Parkour FAQ for Parents

Parkour FAQ for Parents is copyright 2008 by the Pacific Northwest Parkour Association and is modified and displayed here under the terms of the Commons License.

Q. What is my son or daughter getting into?

A. If you're totally unfamiliar with Parkour, you'll probably want to read more about what Parkour is by exploring The Newbie Guide to Parkour and Parkour History (in our forum). This should give you a sense of what Parkour is all about. We hope you will take away from that information that, foremost, we firmly believe in and practice Parkour as something deeper than a sport. Parkour no doubt offers an excellent physical workout but also a positive, supportive, multi-generational, creative and non-competitive community. It is not a team sport, but while it can be practiced solo, there are always opportunities to train with, teach and learn from others. If your child's experience is anything like that of the many traceurs in the Pacific Northwest, he or she will discover a widespread group of interesting and talented people, make some new friends, and improve his or her physical fitness by (quite literally) leaps and bounds.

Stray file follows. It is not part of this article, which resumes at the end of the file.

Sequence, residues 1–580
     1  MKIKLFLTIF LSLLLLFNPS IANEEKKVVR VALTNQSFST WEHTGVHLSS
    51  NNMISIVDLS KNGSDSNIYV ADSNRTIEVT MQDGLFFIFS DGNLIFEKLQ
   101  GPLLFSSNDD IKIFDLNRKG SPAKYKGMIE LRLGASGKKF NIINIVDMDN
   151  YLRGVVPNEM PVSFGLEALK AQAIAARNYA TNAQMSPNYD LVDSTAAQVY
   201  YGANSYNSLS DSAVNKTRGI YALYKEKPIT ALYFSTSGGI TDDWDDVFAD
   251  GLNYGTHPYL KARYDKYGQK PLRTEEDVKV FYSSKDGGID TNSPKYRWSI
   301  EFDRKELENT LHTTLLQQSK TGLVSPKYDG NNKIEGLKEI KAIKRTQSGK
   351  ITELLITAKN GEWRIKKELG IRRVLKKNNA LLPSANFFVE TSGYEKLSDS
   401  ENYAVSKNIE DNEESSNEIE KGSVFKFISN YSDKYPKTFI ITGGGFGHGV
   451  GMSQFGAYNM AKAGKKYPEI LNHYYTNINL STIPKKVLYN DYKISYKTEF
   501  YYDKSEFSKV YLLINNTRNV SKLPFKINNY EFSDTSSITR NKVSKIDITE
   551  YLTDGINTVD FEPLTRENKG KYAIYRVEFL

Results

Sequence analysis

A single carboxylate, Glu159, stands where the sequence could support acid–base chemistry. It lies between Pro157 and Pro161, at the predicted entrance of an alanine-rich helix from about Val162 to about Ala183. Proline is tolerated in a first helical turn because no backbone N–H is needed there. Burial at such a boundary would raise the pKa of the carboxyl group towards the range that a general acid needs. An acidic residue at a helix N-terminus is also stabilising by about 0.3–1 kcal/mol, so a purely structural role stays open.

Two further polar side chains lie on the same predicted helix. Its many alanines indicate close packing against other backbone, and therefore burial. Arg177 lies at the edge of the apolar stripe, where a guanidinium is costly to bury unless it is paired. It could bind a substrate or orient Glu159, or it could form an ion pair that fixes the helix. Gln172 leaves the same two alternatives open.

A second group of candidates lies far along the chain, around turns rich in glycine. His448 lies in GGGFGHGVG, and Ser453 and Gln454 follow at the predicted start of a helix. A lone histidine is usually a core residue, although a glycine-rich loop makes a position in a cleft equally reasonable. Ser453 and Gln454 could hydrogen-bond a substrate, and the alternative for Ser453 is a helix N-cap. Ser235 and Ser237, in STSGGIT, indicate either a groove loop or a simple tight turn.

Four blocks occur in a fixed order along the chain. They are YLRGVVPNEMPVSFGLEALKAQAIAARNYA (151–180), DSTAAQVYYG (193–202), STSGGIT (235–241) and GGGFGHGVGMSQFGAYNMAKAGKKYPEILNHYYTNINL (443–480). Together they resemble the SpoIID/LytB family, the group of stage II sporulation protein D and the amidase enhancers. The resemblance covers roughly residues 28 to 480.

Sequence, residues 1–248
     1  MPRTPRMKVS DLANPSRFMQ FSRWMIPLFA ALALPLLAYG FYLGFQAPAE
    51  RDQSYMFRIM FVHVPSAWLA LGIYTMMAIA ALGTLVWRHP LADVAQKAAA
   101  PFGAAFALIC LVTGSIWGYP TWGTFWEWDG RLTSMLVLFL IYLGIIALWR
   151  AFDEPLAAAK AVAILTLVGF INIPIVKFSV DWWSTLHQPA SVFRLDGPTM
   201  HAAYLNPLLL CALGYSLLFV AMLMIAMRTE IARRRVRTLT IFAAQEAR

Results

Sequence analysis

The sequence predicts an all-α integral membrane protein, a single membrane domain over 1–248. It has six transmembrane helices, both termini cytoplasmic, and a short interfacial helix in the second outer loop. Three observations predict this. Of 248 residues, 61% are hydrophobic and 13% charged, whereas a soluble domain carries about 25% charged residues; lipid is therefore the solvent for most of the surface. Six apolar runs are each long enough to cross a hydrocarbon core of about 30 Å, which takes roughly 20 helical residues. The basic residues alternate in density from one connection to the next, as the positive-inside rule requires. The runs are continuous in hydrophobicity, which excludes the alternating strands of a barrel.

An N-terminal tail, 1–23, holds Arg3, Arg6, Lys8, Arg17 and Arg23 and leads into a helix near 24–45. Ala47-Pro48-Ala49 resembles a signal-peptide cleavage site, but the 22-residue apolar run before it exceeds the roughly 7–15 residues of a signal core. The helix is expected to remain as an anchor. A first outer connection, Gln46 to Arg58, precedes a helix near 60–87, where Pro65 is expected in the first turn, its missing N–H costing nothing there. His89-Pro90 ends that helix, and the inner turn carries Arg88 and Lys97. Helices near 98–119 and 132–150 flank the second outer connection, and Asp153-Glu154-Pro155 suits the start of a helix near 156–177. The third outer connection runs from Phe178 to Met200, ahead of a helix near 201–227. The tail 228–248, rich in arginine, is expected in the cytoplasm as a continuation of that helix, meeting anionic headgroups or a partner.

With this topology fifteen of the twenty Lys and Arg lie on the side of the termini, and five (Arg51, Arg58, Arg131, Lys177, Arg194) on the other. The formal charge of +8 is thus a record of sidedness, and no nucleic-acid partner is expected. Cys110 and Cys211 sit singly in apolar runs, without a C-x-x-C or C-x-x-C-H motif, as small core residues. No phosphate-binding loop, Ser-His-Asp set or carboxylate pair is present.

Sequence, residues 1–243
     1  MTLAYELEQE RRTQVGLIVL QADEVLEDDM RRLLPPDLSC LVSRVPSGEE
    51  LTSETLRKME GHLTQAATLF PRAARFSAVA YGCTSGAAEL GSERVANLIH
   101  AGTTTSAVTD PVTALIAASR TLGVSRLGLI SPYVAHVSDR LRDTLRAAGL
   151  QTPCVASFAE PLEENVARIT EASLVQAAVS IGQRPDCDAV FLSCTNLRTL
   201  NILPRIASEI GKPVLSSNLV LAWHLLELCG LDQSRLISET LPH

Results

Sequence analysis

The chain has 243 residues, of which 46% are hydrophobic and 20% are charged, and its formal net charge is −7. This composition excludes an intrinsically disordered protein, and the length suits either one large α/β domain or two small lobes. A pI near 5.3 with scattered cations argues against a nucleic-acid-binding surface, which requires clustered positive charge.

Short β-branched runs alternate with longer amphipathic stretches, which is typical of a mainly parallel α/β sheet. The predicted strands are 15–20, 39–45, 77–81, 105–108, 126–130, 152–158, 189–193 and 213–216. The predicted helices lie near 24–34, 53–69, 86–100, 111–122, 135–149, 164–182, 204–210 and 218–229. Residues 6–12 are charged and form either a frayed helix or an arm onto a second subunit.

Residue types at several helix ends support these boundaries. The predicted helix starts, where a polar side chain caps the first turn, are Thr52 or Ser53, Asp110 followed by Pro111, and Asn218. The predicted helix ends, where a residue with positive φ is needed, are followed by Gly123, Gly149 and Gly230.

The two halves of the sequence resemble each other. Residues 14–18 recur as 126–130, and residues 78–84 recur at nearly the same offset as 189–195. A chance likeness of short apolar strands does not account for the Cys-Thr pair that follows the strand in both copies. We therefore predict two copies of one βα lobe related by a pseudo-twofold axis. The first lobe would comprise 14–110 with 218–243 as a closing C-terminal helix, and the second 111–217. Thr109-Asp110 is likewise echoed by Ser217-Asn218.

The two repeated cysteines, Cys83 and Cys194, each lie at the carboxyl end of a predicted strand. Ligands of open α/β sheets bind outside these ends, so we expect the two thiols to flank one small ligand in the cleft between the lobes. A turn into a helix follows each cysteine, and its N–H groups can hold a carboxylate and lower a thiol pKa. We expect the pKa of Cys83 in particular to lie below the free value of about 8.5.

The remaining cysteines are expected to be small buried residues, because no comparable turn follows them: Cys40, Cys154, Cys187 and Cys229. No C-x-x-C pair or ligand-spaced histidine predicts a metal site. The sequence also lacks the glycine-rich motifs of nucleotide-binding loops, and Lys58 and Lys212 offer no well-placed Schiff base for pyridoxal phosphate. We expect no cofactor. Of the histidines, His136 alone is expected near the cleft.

Q. How old should my child be before attempting Parkour?

A. Most traceur communities (traceurs are practitioners of Parkour) welcome everyone, regardless of age. While there is no minimum age, we recommend that parents of younger children (13 and under) accompany their child to one or more Parkour jams (gatherings) to observe and decide whether it is appropriate for their child. There are often opportunities to meet up at a gymnasium environment which is an excellent (and very safe) place to try Parkour for the first time. Gym jams frequently offer supervised instruction by trained gymnastics and Parkour experts in addition to soft mats so that high-impact basics such as jumping, landing, rolling and vaulting can be learned and attempted safely. At gym jams, a parental waiver for traceurs under 18 is required, just as it would be for any organized gymnastics activity. Remember that parents are always welcome at any Parkour jam - you're encouraged to set limits for your child, ask questions, and even attempt some Parkour yourself!